Proposed Changes to Medicare Part D Would Benefit Drug Manufacturers More Than Beneficiaries

https://www.commonwealthfund.org/blog/2019/proposed-changes-medicare-part-d-would-benefit-drug-manufacturers-more-beneficiaries?omnicid=EALERT1538445&mid=henrykotula@yahoo.com

senior opens medications

As part of the Bipartisan Budget Act of 2018 (BBA), Congress made changes to the Medicare prescription drug benefit program, or Part D, to lower spending for both beneficiaries and the federal government. Specifically, the BBA increased the size of the discount on brand-name drugs that manufacturers are required to offer beneficiaries who are in the Part D coverage gap, or “donut hole,” from 50 percent to 70 percent. (The donut hole, in which Medicare beneficiaries who have spent over a certain amount on prescription drugs must pay all drug costs out of pocket, was designed to help contain federal costs.) By increasing the size of the manufacturer discount, Congress was able to shrink the share of spending in the donut hole covered by Part D plan sponsors and beneficiaries.

Pharmaceutical manufacturers have continued to put pressure on Congress to make two changes: 1) roll back the discount from manufacturers from 70 percent to 63 percent (and increase Part D plan-sponsor liability) and 2) block an increase in the total amount beneficiaries must spend out of pocket on their prescription drugs before catastrophic coverage kicks in.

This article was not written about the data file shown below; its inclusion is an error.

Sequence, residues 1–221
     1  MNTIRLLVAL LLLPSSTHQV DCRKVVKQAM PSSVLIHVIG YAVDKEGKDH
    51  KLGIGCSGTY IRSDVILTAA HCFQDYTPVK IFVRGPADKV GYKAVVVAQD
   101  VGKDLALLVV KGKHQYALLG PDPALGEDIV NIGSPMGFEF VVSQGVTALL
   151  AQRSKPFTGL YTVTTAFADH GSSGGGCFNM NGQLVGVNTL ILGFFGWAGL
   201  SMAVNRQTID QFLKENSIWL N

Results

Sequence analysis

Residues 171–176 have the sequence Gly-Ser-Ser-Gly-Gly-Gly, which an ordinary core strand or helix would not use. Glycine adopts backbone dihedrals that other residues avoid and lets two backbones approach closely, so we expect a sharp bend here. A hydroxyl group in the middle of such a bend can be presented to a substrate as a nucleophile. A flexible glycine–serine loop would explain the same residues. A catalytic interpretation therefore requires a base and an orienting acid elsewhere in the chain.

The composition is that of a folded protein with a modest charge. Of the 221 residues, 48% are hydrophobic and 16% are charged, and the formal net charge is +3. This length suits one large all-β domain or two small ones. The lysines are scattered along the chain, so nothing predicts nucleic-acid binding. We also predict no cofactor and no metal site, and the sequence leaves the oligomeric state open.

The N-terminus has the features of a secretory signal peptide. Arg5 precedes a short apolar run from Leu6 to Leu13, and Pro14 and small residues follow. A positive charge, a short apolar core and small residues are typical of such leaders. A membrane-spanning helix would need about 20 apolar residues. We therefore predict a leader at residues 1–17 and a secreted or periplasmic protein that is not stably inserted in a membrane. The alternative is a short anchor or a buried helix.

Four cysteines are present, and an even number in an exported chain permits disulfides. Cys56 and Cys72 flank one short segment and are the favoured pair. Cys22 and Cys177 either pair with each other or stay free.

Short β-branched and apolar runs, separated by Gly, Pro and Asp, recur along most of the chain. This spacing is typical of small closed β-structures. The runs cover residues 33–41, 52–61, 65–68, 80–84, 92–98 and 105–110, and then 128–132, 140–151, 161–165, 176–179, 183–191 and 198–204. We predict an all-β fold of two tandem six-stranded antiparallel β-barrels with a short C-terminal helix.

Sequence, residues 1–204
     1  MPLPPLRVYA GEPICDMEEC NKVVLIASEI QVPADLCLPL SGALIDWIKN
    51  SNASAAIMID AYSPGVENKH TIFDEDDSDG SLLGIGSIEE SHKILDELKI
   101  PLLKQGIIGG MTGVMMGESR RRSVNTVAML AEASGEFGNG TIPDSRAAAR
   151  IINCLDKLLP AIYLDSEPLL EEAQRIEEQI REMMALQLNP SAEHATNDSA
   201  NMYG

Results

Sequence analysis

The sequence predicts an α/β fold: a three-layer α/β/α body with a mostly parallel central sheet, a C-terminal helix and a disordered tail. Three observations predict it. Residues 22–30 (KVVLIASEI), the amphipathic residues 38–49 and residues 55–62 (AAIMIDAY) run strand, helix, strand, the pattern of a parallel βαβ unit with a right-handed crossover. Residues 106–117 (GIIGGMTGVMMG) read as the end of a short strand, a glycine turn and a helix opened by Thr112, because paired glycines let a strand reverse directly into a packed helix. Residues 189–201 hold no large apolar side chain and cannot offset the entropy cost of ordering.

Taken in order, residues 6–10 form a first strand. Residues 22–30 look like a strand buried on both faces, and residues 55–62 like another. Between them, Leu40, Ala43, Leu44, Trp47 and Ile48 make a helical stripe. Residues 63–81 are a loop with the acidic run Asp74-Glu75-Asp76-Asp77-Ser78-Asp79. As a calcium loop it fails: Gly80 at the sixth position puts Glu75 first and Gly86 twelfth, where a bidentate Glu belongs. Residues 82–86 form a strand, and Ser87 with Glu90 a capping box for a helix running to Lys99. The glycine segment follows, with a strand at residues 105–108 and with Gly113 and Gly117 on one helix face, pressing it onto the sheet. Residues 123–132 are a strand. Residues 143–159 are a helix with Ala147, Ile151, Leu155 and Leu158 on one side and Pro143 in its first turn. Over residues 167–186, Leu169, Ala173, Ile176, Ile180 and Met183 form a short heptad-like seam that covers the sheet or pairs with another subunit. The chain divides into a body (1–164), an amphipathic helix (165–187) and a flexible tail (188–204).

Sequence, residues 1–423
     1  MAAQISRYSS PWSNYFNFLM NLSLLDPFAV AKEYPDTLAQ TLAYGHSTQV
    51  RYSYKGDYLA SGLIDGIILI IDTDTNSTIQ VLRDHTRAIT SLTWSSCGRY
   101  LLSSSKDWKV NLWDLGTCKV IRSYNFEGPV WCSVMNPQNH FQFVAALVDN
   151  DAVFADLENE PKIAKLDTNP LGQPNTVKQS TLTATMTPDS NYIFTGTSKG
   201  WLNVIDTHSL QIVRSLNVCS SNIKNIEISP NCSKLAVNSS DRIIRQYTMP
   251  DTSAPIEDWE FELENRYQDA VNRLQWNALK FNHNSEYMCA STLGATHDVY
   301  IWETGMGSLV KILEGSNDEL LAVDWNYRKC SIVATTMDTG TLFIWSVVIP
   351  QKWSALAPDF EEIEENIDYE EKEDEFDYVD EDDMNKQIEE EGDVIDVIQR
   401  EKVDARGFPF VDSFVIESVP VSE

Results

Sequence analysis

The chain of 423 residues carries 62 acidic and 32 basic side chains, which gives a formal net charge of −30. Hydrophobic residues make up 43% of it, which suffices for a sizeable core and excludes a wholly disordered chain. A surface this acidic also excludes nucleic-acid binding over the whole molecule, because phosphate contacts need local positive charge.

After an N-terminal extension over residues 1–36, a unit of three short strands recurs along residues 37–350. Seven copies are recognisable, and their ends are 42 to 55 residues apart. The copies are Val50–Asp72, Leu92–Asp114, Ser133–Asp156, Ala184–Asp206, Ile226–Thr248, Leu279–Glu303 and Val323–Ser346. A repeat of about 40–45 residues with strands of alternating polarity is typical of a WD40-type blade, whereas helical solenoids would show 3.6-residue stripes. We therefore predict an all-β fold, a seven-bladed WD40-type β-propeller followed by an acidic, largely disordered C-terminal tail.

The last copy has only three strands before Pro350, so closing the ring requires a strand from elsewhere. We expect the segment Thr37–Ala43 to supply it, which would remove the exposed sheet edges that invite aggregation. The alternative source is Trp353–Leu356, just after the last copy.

According to our analysis, these proposals would financially benefit drug manufacturers more than Medicare beneficiaries: while beneficiaries’ spending in the coverage gap would be slightly reduced, manufacturers’ spending would be reduced far more. Moreover, Medicare spending under Part D would increase to cover the savings to beneficiaries and manufacturers.

Key Definitions Under Part D

Donut Hole: The third phase of Medicare Part D coverage in which beneficiaries pay all drug costs out of pocket.

TrOOP (True Out-of-Pocket) Threshold: The total amount beneficiaries need to spend out of pocket before reaching catastrophic coverage.

Part D Plan Sponsors: Typically insurance companies and pharmacy benefit managers

Part D Coverage Gap Discount: A program established by the ACA that requires drug manufacturers and Part D plan sponsors to give beneficiaries price discounts on brand-name drugs when beneficiaries reach the coverage gap. It also reduces the share of spending that Part D plan sponsors cover.

Original Medicare Part D Design